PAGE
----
The sheriff of Nottingham plots to confiscate the estate of the Lord of Bortrey, who has died on Crusade. The Archbishop of Canterbury speaks against this plot, and the sheriff plans to ... See full summary »
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The sheriff of Nottingham plots to confiscate the estate of the Lord of Bortrey, who has died on Crusade. The Archbishop of Canterbury speaks against this plot, and the sheriff plans to eliminate him. Robin Hood pretends to undertake the assassination of the Archbishop for the plotters; Maid Marion, meeting him thinks him the leader of a gang of murderers, and leads him into a trap. Written by
Bruce Cameron <firstname.lastname@example.org>
It is fairly obvious that the film was made in Ireland and that much of the smaller part casting was done there; the people in the inn in Bawtry and the nuns in the priory all spoke with Irish accents. See more »
The movie begins and ends with a short song so as to be consistent with the TV series. The song at the end of the movie goes something like this: "And so Robin and his lady/returned to Sherwood Forest,/There to stay evermore." See more »
Sorry, but this one doesn't cut it...Richard Greene only passable as Robin Hood...
This is Robin Hood without any zest...just plain dull.
If you're going to do the Robin Hood story, at least a filmmaker should blend in all the proper elements that make the legendary story so popular, as the 1938 film did with Errol Flynn. But here we have Hammer trying to justice to the tale and unable to disguise the fact that it's done on a low-budget scale with less than impressive actors in all the important character roles.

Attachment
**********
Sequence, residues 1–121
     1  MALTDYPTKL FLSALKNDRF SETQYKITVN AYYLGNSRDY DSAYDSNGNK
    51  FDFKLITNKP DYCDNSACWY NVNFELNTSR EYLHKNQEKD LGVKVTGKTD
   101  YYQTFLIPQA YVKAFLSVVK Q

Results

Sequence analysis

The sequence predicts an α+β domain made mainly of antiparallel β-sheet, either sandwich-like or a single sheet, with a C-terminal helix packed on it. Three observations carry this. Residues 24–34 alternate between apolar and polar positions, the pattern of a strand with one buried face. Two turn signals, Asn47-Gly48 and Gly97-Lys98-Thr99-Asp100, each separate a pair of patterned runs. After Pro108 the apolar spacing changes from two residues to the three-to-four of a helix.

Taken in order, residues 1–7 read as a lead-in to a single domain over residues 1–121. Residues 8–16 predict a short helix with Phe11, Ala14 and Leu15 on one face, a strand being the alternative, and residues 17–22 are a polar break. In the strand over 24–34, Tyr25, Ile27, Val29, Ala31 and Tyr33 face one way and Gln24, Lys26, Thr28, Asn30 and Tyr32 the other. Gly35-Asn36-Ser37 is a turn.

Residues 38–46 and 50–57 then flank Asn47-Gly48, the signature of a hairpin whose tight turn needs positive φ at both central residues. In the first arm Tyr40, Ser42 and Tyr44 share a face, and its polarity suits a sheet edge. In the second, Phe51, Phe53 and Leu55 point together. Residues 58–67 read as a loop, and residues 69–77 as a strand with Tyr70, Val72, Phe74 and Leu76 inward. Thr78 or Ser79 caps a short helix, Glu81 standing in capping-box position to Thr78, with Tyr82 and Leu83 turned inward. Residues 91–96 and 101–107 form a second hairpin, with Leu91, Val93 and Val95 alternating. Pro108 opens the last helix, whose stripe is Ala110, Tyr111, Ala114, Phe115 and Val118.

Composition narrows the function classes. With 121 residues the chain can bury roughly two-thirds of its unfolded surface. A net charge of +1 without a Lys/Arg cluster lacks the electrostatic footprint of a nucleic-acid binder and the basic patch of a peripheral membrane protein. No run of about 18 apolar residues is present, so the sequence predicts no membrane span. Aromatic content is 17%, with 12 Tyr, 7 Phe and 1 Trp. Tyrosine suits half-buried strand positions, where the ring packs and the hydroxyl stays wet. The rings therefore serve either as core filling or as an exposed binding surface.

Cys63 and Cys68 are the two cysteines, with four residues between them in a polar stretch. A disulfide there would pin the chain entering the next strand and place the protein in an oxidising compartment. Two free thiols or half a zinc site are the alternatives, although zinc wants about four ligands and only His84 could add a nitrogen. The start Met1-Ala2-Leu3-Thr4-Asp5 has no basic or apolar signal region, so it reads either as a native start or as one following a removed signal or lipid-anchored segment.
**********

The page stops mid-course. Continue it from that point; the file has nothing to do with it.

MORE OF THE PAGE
RICHARD GREENE would have been a suitable choice if he'd played the role on the big screen some fifteen years earlier, but he's clearly too mature (and a bit tired looking) to be the dashing outlaw of Sherwood Forest and this faulty bit of casting extends to the other roles too. I never saw the television series starring Greene so I can't comment on it or make a comparison.
It gets off to a dull start with a meeting between Robin and Marian (SARAH BRANCH) that (as in the Flynn film) has them on less than amicable terms at first sight. The difference here is that she's been bathing in the nude before Robin and his men come along but quickly dresses modestly and has her first rude encounter with the outlaw.
There's no "ye olde English" flavor to the dialog--it sounds more 20th Century than anything else. PETER CUSHING turns up as the Sheriff of Nottingham who wants a wanted criminal that Robin Hood is sheltering. He promises Robin a free pardon if he delivers the criminal to him, but Robin refuses the bargain.
Just as well. The Sheriff turns out to be untrustworthy and never keeps his word. NIALL MacGINNIS doesn't seem rotund enough to play Friar Tuck but he shows up midway through the film to form an alliance with Robin. A further plot device involves the Archbishop of Canterbury, but it's a muddled bit of plotting that seems insufficiently interesting and takes attention away from Robin and Marian.
Summing up: Handsomely photographed in color with some interesting archery scenes, but a lackluster script and so-so performances do nothing to make the film anything but plodding and dull. The story simply has no focal point.
Trivia note: SARAH BRANCH's hair-style and make-up looks straight out of the 1960s--a very modern looking Maid Marian.
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